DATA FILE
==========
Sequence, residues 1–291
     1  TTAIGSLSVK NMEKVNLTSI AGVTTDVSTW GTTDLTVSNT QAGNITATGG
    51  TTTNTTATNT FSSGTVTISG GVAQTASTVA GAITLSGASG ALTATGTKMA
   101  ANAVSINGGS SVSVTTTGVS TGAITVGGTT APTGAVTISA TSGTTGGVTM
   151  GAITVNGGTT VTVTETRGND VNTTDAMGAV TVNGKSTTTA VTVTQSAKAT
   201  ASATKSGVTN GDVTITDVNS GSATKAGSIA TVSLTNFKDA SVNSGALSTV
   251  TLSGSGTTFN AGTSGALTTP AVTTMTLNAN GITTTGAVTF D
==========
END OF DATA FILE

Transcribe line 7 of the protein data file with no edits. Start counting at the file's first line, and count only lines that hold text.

   251  TLSGSGTTFN AGTSGALTTP AVTTMTLNAN GITTTGAVTF D